schenectady and albany, saratoga springs. can you imagine what the rugged areas in the poconos and catskills would do with 10 inches of rainfall? there's the threat there. the threat for new york city is clearly if you take all that water and pile it up in the harbor and take it and push it around into the north part of long island, long island sound there, that is all going to have to go to one place, the east river. the east river goes up and all of eastern manhattan floods, williamsburg and that's right where laguardia is. water tries to rush from two separate directions and it can't do it very long without rising. i suspect we'll be wet not with rain but saltwater because of the water getting pushed in from the ocean by tomorrow. >> different areas to be worried about. chad, thank you. we'll continue to check in with you. now to brian todd in wilmington,
north carolina. brian, what are conditions like where you are? >> well, we're just getting hit with the outer bands of hurricane irene. you can see how bad it is here. we're getting whipped by wind and very strong rain in wilmington. we're on the edge of the cape fear river here. they're very worried about flash flooding. we have seen traces of it in wilmington, getting hit pretty hard. emergency management director i spoke with him a little while ago. already some 6,000 customers are without power. in this area they have power, but they're worried about power lines snapping down. we came from wrightsville beach over here. a lot of power lines whipping violently. that's a big concern in this area. losing power in this area. flash flooding. a huge worry here. experts have told us there are a lot of time being died during
and after hurricanes because they're trying to drive-through flooded gullies, roads that are a lot deeper with water than they think it is. so experts are saying you have to stay out of this stuff during and after a hurricane. don't try to drive-through it. that's going to be a big concern here for flash floods because of the danger. the winds are whipping from the north. a lot of time it will change direction during the hurricanes and hit you from different directions. so this is kind of what we're dealing with here. again, the outer band of irene coming to shore in wilmington. we were in wrightsville beach. this is one of 20 counties in north carolina impacted by the storms, about 3.5 million people. nobody on the streets tonight. people are hunkering down. >> what's your sense of the level of preparedness for this storm there in north carolina? >> i think the preparedness has been very good. they're well versed in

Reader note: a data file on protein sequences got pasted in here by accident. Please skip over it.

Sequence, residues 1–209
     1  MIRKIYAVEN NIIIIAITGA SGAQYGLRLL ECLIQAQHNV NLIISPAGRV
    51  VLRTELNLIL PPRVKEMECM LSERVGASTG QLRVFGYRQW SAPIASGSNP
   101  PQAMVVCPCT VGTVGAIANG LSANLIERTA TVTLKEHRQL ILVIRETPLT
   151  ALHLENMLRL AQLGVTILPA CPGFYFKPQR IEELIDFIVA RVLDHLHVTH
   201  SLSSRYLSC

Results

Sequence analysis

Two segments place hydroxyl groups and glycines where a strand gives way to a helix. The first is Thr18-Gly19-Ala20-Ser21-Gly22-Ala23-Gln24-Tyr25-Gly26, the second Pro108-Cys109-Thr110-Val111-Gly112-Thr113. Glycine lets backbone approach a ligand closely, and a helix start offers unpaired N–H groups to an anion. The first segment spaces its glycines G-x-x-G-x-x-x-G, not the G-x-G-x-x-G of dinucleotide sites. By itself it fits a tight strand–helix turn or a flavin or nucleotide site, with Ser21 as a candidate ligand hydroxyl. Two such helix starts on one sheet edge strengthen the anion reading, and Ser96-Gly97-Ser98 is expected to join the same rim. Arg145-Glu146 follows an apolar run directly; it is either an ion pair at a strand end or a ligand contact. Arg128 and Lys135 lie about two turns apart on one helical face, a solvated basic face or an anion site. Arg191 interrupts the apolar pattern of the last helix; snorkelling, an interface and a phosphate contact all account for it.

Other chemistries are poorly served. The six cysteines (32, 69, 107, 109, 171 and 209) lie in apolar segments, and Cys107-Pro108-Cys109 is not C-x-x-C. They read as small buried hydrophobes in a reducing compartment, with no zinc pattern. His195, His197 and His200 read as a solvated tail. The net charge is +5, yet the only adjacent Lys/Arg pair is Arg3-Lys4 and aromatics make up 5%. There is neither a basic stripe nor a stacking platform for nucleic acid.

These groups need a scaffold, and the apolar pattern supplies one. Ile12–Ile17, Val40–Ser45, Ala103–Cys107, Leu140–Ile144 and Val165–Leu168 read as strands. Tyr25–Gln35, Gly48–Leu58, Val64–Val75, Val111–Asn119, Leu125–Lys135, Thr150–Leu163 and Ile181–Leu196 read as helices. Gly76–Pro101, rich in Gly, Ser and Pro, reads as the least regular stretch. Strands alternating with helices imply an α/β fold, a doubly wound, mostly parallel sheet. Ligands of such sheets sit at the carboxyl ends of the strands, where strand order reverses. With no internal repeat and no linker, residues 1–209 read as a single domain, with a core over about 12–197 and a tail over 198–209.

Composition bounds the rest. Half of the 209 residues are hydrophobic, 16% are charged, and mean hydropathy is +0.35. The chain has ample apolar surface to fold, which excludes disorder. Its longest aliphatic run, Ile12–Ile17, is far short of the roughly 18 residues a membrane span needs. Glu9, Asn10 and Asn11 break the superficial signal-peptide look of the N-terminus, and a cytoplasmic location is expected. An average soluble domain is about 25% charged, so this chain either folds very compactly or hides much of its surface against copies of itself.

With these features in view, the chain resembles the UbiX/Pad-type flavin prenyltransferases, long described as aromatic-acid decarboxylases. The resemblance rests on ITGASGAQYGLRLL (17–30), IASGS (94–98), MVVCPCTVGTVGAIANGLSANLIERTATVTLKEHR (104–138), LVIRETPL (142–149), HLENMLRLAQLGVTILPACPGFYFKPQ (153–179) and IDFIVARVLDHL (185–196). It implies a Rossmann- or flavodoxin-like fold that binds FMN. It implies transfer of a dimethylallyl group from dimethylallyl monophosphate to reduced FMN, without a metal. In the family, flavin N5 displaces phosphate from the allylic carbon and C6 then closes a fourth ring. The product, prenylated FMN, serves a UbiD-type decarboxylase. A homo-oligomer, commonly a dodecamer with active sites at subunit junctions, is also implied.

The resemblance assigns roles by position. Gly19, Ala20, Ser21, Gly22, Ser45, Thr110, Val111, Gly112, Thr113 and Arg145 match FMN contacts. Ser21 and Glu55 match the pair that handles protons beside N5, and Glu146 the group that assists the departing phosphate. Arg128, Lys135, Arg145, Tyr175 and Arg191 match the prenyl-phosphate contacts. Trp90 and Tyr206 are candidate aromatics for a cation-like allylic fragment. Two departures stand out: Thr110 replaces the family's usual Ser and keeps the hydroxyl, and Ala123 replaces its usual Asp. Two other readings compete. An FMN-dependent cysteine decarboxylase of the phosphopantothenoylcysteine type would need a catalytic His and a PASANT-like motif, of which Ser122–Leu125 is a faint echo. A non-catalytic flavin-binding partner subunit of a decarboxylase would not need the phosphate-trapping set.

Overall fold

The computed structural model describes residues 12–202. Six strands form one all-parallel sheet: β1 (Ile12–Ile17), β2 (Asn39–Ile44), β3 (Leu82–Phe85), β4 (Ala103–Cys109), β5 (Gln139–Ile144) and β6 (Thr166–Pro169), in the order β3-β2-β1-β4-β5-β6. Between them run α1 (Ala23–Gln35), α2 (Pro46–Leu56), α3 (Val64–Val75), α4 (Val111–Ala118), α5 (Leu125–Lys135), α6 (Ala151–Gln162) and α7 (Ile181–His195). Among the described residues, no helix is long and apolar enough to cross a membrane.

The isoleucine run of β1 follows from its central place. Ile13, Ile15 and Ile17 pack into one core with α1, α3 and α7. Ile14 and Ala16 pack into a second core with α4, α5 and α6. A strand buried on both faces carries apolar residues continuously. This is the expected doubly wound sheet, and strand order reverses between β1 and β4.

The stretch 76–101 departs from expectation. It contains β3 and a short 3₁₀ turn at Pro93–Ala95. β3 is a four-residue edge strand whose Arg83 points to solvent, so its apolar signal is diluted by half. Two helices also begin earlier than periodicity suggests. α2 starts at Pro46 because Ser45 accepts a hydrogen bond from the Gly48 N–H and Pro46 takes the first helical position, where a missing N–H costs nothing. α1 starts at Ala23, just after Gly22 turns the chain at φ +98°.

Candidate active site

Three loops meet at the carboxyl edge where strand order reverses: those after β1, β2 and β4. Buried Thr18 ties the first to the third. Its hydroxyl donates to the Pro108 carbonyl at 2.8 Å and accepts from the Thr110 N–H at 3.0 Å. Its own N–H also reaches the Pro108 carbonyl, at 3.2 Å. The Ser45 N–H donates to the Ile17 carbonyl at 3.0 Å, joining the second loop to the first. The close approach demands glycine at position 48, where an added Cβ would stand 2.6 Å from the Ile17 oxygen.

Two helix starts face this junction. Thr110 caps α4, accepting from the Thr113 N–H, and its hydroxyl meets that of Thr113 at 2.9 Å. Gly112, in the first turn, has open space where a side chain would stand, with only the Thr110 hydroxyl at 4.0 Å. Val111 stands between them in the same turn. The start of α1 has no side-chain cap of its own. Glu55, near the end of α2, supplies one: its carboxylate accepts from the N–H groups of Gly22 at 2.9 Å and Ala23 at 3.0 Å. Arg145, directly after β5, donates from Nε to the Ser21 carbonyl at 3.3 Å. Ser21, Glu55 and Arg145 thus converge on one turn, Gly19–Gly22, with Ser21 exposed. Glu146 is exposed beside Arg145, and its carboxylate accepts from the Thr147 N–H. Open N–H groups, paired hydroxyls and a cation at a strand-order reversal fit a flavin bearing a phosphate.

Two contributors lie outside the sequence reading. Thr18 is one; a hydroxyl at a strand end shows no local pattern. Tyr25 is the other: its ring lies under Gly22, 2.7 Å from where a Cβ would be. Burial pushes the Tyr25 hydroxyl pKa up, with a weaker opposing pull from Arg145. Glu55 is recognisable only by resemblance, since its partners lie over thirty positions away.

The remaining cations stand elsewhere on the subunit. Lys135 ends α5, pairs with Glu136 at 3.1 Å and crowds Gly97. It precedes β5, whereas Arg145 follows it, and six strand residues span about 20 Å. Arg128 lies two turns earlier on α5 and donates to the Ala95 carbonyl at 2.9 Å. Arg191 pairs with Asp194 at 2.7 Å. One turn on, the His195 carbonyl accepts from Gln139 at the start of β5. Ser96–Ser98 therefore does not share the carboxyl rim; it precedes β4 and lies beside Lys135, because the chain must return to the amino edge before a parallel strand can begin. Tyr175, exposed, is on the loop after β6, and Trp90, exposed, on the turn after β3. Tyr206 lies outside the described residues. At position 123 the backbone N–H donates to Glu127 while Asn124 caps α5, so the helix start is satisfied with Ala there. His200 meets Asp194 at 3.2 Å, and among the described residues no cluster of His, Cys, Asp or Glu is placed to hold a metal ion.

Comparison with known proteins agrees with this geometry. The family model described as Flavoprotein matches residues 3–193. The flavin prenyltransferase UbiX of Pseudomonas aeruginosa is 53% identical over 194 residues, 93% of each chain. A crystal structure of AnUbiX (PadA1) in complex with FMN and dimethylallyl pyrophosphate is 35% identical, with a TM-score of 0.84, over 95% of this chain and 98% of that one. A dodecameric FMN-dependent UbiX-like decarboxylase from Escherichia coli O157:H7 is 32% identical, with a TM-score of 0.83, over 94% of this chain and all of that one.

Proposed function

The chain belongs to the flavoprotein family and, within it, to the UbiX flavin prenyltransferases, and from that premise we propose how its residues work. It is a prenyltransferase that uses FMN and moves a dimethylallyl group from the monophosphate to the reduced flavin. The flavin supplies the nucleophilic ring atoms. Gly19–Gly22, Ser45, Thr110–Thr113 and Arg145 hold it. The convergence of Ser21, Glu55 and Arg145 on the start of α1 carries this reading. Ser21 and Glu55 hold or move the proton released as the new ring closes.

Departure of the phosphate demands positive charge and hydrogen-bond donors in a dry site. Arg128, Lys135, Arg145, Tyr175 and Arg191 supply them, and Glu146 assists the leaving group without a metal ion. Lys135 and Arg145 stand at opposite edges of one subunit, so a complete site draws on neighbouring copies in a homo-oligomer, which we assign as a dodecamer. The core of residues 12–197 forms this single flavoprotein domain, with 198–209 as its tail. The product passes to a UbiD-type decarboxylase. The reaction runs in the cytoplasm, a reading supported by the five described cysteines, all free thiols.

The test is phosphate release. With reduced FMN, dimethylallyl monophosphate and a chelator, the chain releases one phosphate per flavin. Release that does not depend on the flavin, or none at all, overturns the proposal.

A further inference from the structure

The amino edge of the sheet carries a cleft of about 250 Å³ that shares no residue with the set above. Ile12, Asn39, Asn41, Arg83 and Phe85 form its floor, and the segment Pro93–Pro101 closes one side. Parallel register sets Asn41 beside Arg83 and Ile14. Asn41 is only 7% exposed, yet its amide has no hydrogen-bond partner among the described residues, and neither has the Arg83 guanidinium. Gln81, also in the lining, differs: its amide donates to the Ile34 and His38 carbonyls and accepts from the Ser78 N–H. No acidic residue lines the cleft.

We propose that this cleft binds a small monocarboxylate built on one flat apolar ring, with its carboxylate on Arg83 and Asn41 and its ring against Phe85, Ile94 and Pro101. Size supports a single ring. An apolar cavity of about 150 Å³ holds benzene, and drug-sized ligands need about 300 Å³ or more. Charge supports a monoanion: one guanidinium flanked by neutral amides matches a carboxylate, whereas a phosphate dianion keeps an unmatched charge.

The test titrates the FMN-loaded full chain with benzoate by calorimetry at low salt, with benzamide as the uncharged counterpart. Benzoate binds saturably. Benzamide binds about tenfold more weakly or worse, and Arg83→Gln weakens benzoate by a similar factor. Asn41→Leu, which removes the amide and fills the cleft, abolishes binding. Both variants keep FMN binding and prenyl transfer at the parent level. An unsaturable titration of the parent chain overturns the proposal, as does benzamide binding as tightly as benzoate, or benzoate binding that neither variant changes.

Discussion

hurricanes coming right into this area, through the rivers on the southern and eastern coast of north carolina to the outer banks. they know how to get people out of here. they know when to warn them. places like wilmington, wrightsville pwaoefplt it does take time because a lot of these plates cross inland. the only place to get out is maybe a two-lane bridge. you have to give people enough time and they're very well versed in doing that. they're very well prepared. >> we see the driving rain right now. what's the sense in terms of when this could get really bad? >> well, i think in the next few hours it's going to get a lot worse. they anticipate landfall sometime between 6:00 and 9:00 a.m.. a little bit east and a little bit north of here. so it's going to be very bad probably in the next few hours. and, again, you know, you're looking at about seven to eight
hours from now is when it will be at its worst here in wilmington and east of here and wrightsville beach and north. >> mandatory aoe vevacuations were put in place. do we know how well heeded they were? >> they went pretty well. the emergency management director said it went very long. they gave people enough lead time in these counties to get out. again, if you're inland -- we're a little bit inland from the coast. if you're inland you have a much better chance of getting in quickly. but in the outer banks and some of these places they have to cross inlets to get to, you have to have enough time and they did that. there are still people who hold out. and i've heard governors from here to maryland say that's not a very smart thing to do. don't do it. one governor in maryland, governor o'malley, was very